systemd, trying to be smart, parallelizes mounting entries of /etc/fstab. Unfortunately, this randomly messes up bind mounts:

A look at my fstab, cleaned up a bit:

$ grep -Ev 'ntfs|swap|#' /etc/fstab
UUID=3cbb59fd-ff2c-47ed-955f-e4945b5c95b6   /           ext4        rw,relatime,data=ordered    0 1
UUID=2d7b3de8-782b-4981-9db6-a4b9a6d45cac   /home/muru/devel    ext4        rw,relatime,data=ordered    0 2
UUID=38d31418-ed63-49e8-b11b-df90da4833e2   /home/muru/var  btrfs       rw,relatime,space_cache 0 0
UUID=77307ad0-35e1-439b-8fe2-07a7bb5376b2   /mnt        ext4        rw,relatime,data=ordered    0 2
/home/muru /home/muru/devel/debian/jessie/home/muru none bind 0 0
/home/muru /home/muru/devel/debian/jessie-test/home/muru none bind 0 0
/home/muru/devel /home/muru/devel/debian/jessie/home/muru/devel none bind 0 0
/home/muru/devel /home/muru/devel/debian/jessie-test/home/muru/devel none bind 0 0

And my actual mounts:

$ mount | grep ^/dev/ | grep -Ev 'fuseblk|run'
/dev/sdb1 on / type ext4 (rw,relatime,data=ordered)
/dev/sda1 on /mnt type ext4 (rw,relatime,data=ordered)
/dev/sda7 on /home/muru/devel type ext4 (rw,relatime,data=ordered)
/dev/sdb1 on /home/muru/devel/debian/jessie/home/muru type ext4 (rw,relatime,data=ordered)
/dev/sdb1 on /home/muru/devel/debian/jessie-test/home/muru type ext4 (rw,relatime,data=ordered)
/dev/sda7 on /home/muru/devel/debian/jessie-test/home/muru/devel type ext4 (rw,relatime,data=ordered)
/dev/sda7 on /home/muru/devel type ext4 (rw,relatime,data=ordered)
/dev/sda7 on /home/muru/devel/debian/jessie/home/muru/devel type ext4 (rw,relatime,data=ordered)
/dev/sda7 on /home/muru/devel/debian/jessie/home/muru/devel type ext4 (rw,relatime,data=ordered)
/dev/sda7 on /home/muru/devel/debian/jessie-test/home/muru/devel type ext4 (rw,relatime,data=ordered)
/dev/sda7 on /home/muru/devel type ext4 (rw,relatime,data=ordered)
/dev/sda7 on /home/muru/devel type ext4 (rw,relatime,data=ordered)
/dev/sdb8 on /home/muru/var type btrfs (rw,relatime,space_cache)
/dev/sdb8 on /home/muru/devel/debian/jessie/home/muru/var type btrfs (rw,relatime,space_cache)
/dev/sdb8 on /home/muru/devel/debian/jessie-test/home/muru/var type btrfs (rw,relatime,space_cache)

As you can see, it looks like the mounts have been done successfully. But, the effect:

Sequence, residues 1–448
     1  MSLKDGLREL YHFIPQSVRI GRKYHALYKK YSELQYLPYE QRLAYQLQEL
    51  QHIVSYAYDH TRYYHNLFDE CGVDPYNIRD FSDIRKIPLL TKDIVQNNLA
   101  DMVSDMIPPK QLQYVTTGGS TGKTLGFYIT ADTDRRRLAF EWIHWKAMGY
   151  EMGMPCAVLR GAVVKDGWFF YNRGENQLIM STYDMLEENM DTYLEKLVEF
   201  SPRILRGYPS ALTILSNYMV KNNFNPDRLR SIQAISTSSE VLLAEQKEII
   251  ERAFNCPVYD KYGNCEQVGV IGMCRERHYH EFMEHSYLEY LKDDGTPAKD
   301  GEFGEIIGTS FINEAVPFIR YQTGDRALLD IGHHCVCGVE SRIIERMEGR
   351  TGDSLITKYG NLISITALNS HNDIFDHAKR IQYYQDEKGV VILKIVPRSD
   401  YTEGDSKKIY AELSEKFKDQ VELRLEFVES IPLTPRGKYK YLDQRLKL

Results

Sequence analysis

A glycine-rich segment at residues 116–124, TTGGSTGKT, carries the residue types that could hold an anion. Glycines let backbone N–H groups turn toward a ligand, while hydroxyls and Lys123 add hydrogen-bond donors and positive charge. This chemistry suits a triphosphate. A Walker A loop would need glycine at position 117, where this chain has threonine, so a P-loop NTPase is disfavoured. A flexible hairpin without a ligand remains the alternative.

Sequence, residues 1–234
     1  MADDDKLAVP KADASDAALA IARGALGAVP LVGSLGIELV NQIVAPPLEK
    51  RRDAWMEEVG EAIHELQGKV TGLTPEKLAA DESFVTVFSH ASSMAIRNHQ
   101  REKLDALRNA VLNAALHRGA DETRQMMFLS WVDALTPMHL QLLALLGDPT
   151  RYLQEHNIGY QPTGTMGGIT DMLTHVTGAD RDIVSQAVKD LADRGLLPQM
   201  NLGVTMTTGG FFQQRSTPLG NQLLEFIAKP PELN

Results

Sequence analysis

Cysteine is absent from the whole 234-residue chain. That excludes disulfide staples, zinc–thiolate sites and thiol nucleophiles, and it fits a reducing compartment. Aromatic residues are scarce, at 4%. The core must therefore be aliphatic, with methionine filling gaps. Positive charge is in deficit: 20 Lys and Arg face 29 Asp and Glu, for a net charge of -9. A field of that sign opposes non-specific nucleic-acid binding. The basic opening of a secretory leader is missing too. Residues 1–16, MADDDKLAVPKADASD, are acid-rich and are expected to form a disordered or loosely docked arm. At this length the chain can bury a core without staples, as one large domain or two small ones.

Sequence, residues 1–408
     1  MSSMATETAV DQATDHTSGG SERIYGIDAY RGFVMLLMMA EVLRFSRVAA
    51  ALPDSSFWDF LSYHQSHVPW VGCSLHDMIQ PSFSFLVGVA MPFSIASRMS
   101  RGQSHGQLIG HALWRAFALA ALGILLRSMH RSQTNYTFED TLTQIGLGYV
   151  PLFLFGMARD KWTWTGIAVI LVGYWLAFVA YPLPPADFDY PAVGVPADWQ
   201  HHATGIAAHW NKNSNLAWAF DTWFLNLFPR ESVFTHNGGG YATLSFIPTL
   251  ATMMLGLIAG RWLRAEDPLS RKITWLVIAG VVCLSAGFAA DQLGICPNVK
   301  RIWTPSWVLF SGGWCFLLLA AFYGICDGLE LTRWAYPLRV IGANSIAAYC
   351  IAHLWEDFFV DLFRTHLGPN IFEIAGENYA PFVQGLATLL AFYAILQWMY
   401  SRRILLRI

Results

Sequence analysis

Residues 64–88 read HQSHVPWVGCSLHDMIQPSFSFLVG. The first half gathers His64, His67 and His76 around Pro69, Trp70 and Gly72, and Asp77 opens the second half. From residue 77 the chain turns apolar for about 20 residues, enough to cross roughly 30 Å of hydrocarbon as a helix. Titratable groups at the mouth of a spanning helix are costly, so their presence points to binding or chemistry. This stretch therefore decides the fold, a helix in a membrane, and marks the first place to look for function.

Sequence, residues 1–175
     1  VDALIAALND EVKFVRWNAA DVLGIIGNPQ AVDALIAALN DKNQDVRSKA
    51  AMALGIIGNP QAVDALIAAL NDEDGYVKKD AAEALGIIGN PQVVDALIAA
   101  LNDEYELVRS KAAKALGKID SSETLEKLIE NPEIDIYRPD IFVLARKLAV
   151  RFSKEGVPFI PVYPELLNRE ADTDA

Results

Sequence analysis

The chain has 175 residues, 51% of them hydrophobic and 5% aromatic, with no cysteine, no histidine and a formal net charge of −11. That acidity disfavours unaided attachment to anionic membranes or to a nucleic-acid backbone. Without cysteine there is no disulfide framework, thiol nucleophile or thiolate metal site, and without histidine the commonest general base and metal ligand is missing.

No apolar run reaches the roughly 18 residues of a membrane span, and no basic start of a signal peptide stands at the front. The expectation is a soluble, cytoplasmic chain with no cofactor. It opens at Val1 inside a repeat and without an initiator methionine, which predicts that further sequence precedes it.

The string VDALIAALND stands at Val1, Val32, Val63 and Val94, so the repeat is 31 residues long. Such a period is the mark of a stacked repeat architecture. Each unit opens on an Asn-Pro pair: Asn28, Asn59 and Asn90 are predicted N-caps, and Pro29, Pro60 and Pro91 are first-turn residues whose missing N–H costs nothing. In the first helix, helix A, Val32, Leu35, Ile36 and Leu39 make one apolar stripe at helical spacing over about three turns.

$ ls -l /home/muru/devel/debian/jessie/home/
total 4.0K
drwxr-xr-x 2 root root 4.0K Jun 20 20:36 muru/
$ ls -l /home/muru/devel/debian/jessie/home/muru/
total 0

I think this is due to random ordering of the mounts. If that's the case, how do I ensure an order? Do I have to use something other than fstab? If that's not the case, what might have caused it?

I'm using Arch Linux.

$ systemctl --version
systemd 221
  • fstab's fine, but fuse could be an issue. there are .mount units, too, though. – mikeserv Jul 15 '15 at 21:03
  • You're bind mounting /home/muru to /home/muru/.../child/path? That's going to be problematic no matter who does the mounting. You need first to configure some path within as unbindable. The docs are here. – mikeserv Jul 16 '15 at 8:16
  • @mikeserv Why not? It worked fine enough on a non-systemd system or when I manually ran the mount -o bind commands. I'm not going to run any recursive commands on these paths. – muru Jul 16 '15 at 8:21
  • Ok, but the docs I linked to were the kernel docs on shared subtrees - not systemd docs. I don't know why systemd wouldn't do it correctly - it always handles my fstab binds correctly. I don't bind any fs loops, though. – mikeserv Jul 16 '15 at 8:24
  • I have a circular mount / -> /d/root and it seems to work (Debian 8). I can't work out how your result could follow from a mis-ordering. The mounts shown for non-existent directories are odd, it's almost as if they're still there but an empty filesystem was mounted on top later on. Can I suggest a) findmnt (it shows the source directory of binds as well) b) looking at inode numbers using stat, they should match for both the target and source directory. – sourcejedi Jul 16 '15 at 14:01

More than a year later with the version of systemd (229)now shipping with ubuntu 16.04 there is support in fstab for dependency mounting like this.

so it's as easy as doing this.

# /etc/fstab
/home/var /var bind x-systemd.requires=/home,x-systemd.automount,none 0 0

got the idea from this post https://copyninja.info/blog/systemd_automount_entry.html

  • +-1, but way too late to solve that particular problem. Maybe I'll use a similar setup in the future and test this out. – muru Nov 20 '16 at 15:59
  • not working pastebin.com/raw/Ev6PaXAW – srghma Apr 28 '18 at 7:46
  • This continues to work for me with new installs and later versions of systemd. maybe try getting a single bind mount to work first (also you may be editing the wrong file based on comments in file. Alternatively @srghama as to your particular application you may consider editing this file ~/.config/user-dirs.dirs instead. Not the same as bind mounts but may address your use case. – DKebler Apr 29 '18 at 15:37

Arnout's solution worked for me but there's a little mistake in it. Bind mounts in fstab must be like this (he swapped "bind" and "none"). Cf fstab manual.

# /etc/fstab
/home/var /var none x-systemd.requires=/home,x-systemd.automount,bind 0 0

Systemd mount reference is here : https://www.freedesktop.org/software/systemd/man/systemd.mount.html


To me systemd is a mess.

I've had to resort to just adding scripts to /etc/rc.local (or equivalent on your OS).

Just list all your mount points in the desired order.

This will circumvent systemd's "intelligence".

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